Why National Assembly need to pass 2019 budget in March

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National Assembly Complex

President Muhammadu Buhari on Wednesday, December 19, 2018, presented a budget proposal of N8.83 trillion for 2019 before a joint session of the National Assembly. The proposed budget is 3 percent lower than the N9.12trn Appropriation for last year. The 2019 budget, according to the president, is aimed at diversifying the economy and lifting significant numbers of the citizens from the present socio-economic challenges.

President  Buhari while presenting the budget, gave an overview of the implementation of the N9.12 trillion 2018 budget. He said that 67 per cent performance had so far been recorded by Ministries, Departments and Agencies (MDAs) of government.

According to him, out of the total appropriation of N9.12trillion, N4.59 trillion had been spent by September 30, 2018, against the prorated expenditure target of N6.84 trillion.

He said: “This represents 67 per cent performance. Debt service and the implementation of non-debt recurrent expenditure, notably payment of workers’ salaries and pensions are on track.

“Despite the delay in the passage of the 2018 Budget on June 20, 2018, the sum of N820.57 billion had been released for capital projects as at December 14, 2018. We have carried over capital projects that were not likely to be fully funded by year-end 2018 to the 2019 budget.”

Since 1999, no government in Nigeria has implemented the budget up to 95%. This trend has had damaging effects on the country’s economy. The Nigerian economy depends on government’s budget to function properly. The private sector particularly needs to see government direction to plan and execute their plans.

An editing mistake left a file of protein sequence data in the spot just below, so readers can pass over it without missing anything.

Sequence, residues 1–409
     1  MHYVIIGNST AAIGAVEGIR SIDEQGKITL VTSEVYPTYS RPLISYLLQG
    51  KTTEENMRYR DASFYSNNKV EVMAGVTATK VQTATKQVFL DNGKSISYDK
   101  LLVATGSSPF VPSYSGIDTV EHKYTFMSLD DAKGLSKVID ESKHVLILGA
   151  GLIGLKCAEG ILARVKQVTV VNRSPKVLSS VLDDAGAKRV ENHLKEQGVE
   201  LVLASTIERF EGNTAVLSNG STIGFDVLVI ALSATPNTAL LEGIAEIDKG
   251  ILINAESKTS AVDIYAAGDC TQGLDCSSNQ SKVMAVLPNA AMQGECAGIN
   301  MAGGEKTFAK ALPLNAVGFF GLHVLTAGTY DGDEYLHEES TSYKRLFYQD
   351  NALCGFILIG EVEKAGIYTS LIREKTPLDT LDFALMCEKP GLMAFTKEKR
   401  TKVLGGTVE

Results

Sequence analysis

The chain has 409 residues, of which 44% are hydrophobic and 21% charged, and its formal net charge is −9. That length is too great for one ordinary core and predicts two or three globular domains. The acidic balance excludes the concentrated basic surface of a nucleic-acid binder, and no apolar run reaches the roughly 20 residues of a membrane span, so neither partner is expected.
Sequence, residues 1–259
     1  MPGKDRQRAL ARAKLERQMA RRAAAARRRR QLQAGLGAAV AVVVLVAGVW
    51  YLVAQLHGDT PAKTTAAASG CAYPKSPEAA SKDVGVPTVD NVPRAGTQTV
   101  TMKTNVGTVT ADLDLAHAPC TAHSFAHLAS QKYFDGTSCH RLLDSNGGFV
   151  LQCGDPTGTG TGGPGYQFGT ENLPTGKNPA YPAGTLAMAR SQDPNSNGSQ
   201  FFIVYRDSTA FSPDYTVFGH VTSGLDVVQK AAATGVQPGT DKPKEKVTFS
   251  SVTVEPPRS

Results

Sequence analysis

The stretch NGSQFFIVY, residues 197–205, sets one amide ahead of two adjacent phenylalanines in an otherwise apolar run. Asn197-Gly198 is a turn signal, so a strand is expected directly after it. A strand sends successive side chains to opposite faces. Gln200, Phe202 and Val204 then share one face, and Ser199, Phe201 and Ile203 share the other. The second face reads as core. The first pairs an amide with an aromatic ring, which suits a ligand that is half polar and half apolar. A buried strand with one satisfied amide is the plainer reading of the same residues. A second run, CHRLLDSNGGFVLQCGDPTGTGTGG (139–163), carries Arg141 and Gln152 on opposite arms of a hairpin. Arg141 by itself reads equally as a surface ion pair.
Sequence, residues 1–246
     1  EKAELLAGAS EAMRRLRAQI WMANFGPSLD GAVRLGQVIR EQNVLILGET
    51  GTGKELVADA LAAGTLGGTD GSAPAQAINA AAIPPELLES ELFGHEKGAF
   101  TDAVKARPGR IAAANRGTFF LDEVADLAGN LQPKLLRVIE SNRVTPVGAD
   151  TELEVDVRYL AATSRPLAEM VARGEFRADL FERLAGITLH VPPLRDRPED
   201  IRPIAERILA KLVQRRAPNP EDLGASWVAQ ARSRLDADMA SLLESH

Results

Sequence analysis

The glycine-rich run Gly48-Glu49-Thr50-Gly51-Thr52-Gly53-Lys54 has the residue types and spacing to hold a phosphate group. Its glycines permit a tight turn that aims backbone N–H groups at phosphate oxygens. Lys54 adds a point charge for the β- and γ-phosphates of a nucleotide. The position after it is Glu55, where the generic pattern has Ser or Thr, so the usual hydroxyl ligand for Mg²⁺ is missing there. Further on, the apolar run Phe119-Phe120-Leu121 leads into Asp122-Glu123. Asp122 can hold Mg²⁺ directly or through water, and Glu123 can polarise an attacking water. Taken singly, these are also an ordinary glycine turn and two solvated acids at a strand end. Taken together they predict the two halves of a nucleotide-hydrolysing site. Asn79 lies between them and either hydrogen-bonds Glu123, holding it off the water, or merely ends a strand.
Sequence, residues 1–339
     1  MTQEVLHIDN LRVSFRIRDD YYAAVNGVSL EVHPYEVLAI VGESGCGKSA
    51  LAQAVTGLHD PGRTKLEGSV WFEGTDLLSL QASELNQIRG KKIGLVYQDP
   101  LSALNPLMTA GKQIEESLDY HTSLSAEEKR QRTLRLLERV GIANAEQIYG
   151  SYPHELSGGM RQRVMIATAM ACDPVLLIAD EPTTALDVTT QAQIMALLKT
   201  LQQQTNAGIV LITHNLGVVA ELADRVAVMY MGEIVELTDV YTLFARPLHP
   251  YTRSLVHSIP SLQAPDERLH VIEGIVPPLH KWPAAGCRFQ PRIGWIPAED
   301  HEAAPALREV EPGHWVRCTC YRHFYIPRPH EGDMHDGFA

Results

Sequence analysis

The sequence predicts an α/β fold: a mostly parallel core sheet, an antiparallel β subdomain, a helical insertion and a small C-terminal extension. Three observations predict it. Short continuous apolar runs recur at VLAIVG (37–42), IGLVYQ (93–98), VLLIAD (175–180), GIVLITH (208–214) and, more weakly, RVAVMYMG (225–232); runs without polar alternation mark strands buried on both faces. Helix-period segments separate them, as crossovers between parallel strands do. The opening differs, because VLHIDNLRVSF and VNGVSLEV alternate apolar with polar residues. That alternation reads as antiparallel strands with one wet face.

So, early passage of budget helps in this regard. The private sector is the major participant in the capital market. Growth enhancing activities in the capital market are negatively affected by the delay in passing the budget.

The passage of federal budget in good time, has the capability of promoting economic growth, assisting private sector for optimal business performance, as well as energising money and capital market activities. It would also promote planning in the lower levels of governments and the private sector.

Delay in the passage of the budget is highly injurious to economic growth and development.Budget sends signals to stockbrokers and other investment advisers on the sectors to watch and where to raise red flags annually. This enables them to advise their clients on taking positions and reviewing their portfolios accordingly.

At macro level, early passage of the budget implies prompt implementation of capital projects. This is critical to the growth of the economy as it has impact on growing the Gross Domestic Products (GDP).

Unfortunately, it has become a recurring decimal for members of the executive and the legislature  to enmesh the budget in controversy, which often times, causes delay in its passage.

For our budget to make meaning and drive economic activities, the executive and legislature need to have a re-think and restore the nation’s fiscal year to January and December. In the last 11 years, the only year the budget was approved early was in 2013, February 26, because that was the earliest time the budget was submitted on Oct. 10, 2012.

Nigeria’s economic growth is well below the population growth.  At the end of the last quarter of 2018, our population growth, stood at 2.7 per cent while the economic growth is just 1.93 per cent. So,   no amount of economic boost could easily be seen or noticed in such a situation, which is why early passage of the 2019 budget is imperative.

The country has borrowed well over N10.2 trillion in the last three years and this money is meant for infrastructure development and some of these projects are expected to be completed in 2019.So, a delay, will hamper the completion of these projects and disastrous to the country’s economy.

We urge the lawmakers to expedite action for the speedy passage of the budget.  The legislature should   partner the executive arm of government for the benefit of Nigerians. The country’s economy cannot afford another rout of delays that will render damaging impacts on the economy and the citizenry.

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